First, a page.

The words ‘Company and Commercial Services’ and ‘Business Law’ do little to explain to our prospective clients exactly the services AMD provides and how we work with our clients.
Our company and commercial team act for companies, company directors, shareholders, partnerships and sole traders of all types, large and small. The AMD Commercial Team enjoy getting to know our clients, understanding where their business started and where they want it to end up.
When we are appointed company solicitors for a new client, we always make clear that we are on hand not just for drafting documents and helping with transactional work, but also for ongoing support. When a board of directors have a decision to make, we are on hand to offer the legal input which may confirm or reject a course of action.
It is our aim to ensure your short and long term objectives are planned with any potential legal implications in mind. With our considerable experience on board, you can plan proactively to anticipate and avoid legal issues so it is less likely you will need to call us as a reaction to a problem.
As a well-established Bristol law firm, AMD Solicitors look to build long-term relationships with our commercial clients as businesses and as individuals. Every business is different so it is important to us that we get to know you and your business so the advice and services we offer are tailored to your specific business needs.
Our clients also enjoy the benefit of our Clifton Village, Whiteladies Road and Henleaze offices which are located conveniently close to, but not within, the city centre all with plenty of easily accessible on street parking.
Our expanding company and commercial team can offer a full suite of services for our business clients. To read more on our range of services please take a look at the links on the left or feel free to email us at email@example.com or call us on 0117 962 1205 and ask to speak to a member of our commercial law team.
Anna Sivula, Solicitor in AMD’s Commercial team, explains why tailoring terms and conditions to suit your business pays off in the long run.
The ban on tenant fees in the Tenant Fees Act 2019 (TFA 2019) will come into force on 1 June 2019 and introduces protections for most residential tenancies in the private rented sector in England.
This year, there have been few political or legal developments that have dominated headlines as much as Brexit. If there is one topic that has come even close, it is the introduction of the EU General Data Protection Regulation (GDPR).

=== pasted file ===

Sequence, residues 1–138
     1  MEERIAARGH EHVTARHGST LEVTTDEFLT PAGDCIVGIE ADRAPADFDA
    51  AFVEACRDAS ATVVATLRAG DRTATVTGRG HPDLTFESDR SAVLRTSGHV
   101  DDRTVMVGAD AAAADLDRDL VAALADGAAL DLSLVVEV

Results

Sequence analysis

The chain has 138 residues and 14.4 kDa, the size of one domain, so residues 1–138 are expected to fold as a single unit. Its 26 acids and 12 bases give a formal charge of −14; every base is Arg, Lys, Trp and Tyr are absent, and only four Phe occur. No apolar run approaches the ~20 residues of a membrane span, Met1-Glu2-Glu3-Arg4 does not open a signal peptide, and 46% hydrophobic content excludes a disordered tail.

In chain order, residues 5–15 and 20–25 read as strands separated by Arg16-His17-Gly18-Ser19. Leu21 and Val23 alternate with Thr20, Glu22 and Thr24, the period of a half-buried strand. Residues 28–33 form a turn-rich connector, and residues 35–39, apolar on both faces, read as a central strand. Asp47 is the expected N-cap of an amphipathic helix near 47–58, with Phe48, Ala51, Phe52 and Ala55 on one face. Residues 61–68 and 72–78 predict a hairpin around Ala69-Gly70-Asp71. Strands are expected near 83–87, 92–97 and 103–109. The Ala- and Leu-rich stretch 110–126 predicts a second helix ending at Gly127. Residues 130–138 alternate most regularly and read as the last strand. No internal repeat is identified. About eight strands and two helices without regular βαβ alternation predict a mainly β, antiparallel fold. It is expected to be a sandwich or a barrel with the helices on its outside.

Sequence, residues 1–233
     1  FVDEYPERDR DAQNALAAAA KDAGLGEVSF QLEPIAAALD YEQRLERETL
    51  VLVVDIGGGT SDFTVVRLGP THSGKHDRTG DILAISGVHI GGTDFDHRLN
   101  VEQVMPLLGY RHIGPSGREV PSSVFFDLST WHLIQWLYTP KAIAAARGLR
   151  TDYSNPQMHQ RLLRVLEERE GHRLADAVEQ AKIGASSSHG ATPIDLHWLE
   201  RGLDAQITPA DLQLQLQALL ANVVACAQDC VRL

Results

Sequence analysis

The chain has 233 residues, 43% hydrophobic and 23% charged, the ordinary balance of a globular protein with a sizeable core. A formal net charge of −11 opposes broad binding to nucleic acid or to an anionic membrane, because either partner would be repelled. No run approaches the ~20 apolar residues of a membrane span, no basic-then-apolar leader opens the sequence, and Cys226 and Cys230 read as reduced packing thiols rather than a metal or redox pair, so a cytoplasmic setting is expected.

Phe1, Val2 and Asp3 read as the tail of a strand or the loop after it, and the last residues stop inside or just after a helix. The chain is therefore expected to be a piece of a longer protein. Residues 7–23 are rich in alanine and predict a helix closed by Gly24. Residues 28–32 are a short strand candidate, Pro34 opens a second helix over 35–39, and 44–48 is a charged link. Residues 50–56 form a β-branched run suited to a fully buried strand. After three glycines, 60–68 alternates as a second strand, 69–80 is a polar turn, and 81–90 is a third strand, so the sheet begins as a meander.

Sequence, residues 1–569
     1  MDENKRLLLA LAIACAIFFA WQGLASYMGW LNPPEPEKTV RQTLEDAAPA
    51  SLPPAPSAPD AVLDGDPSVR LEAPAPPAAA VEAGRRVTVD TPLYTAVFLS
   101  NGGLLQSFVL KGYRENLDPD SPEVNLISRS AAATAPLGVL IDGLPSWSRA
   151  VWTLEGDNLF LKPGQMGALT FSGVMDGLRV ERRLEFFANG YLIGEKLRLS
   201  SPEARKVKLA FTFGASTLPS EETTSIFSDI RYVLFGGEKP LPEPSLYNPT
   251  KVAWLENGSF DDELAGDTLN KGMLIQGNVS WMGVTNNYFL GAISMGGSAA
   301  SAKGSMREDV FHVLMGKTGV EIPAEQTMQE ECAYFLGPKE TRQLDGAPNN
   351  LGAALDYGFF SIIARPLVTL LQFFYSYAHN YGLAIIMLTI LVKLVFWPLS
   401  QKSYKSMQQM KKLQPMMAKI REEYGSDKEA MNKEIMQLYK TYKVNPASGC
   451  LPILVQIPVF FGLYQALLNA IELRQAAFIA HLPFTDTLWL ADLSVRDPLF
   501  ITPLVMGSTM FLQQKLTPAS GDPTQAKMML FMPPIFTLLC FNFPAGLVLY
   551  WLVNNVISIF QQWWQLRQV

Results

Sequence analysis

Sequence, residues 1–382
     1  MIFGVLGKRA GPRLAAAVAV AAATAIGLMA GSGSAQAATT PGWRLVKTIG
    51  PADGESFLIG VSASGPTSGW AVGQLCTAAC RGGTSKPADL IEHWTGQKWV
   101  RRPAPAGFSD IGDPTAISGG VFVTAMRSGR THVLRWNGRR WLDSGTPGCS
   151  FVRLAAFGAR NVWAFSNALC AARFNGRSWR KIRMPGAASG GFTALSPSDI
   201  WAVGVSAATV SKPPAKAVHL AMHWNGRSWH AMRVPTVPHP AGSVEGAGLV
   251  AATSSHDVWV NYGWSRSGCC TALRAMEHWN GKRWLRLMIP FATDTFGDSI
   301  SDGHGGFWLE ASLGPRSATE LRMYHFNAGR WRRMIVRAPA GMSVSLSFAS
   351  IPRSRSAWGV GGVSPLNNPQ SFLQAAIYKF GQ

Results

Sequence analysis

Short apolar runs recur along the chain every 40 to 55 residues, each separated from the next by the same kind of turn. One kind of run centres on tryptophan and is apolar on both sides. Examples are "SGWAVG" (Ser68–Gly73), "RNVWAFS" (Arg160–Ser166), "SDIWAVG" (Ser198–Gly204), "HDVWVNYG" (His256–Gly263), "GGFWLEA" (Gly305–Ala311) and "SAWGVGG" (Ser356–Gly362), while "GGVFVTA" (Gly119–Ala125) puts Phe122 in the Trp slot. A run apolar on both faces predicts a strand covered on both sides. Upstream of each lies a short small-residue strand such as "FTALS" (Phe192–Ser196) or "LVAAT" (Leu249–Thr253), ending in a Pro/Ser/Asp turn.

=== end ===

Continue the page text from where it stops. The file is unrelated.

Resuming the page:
Anna Sivula, Solicitor in AMD’s Commercial team, discusses the benefits of shareholders’ agreements.
A joint venture can take many forms. Taking the widest definition, this can mean a strategic arrangement between two or more businesses, where resources are pooled, to work together on a specific project or an ongoing basis. Joint ventures are a useful way of collaborating with other businesses and to combine different areas of expertise for targeted or general business purposes.
Grant McCall, Director and Commercial Corporate solicitor at AMD Solicitors, outlines the importance of conducting due diligence on a target business when considering whether to invest or buy shares in the business.
The General Data Protection Regulation (GDPR) will come into force on 25 May 2018 and will replace the existing UK Data Protection Act 1998 (DPA 1998). The GDPR is intended to strengthen and harmonise data protection laws across the EU.
Shareholders are people (or companies) that have invested time or money into a company in return for shares (equity) in that company. Shares can have very different rights attaching, for example some shares carry voting rights, some are non-voting but where voting shares are concerned, it is important to ensure the relationship between the shareholders is documented.
The prospect of owning your own business can be challenging but rewarding. One way to achieve business ownership is to buy an existing and established business. When purchasing a trading business, either as a share purchase or asset purchase, it is imperative that legal risks are known and mitigated.
As a new business, the focus is always on generating clients and selling goods or services. Without a contract or terms and conditions of business, it will be difficult for a new business to clearly show what they have agreed to provide (and what they won’t do) for their charges.
Under the Equality Act (2010) companies are legally required not to discriminate against employees or potential employees due to issues such as race, gender, age or disability. These are examples of what the Act calls “Protected Characteristics”.
When the shareholders of a company fall out, it can significantly harm the commercial interests of the business. That is why it is so important to resolve any disagreements as quickly and effectively as possible, allowing you to move forward and continue developing the business.
The economy is said to be improving after several years of doom and gloom. Sometimes though, redundancy still raises its head. In such situations it is, of course, important for the procedure to be carried out within the law.
When starting out it can seem like a large expense to Trademark your company name or company logo but it’s something you should be doing if you want to protect your brand and invest in the future of the business. As a business grows, it may look to set up a franchise network, become a multi-site business or sell the business.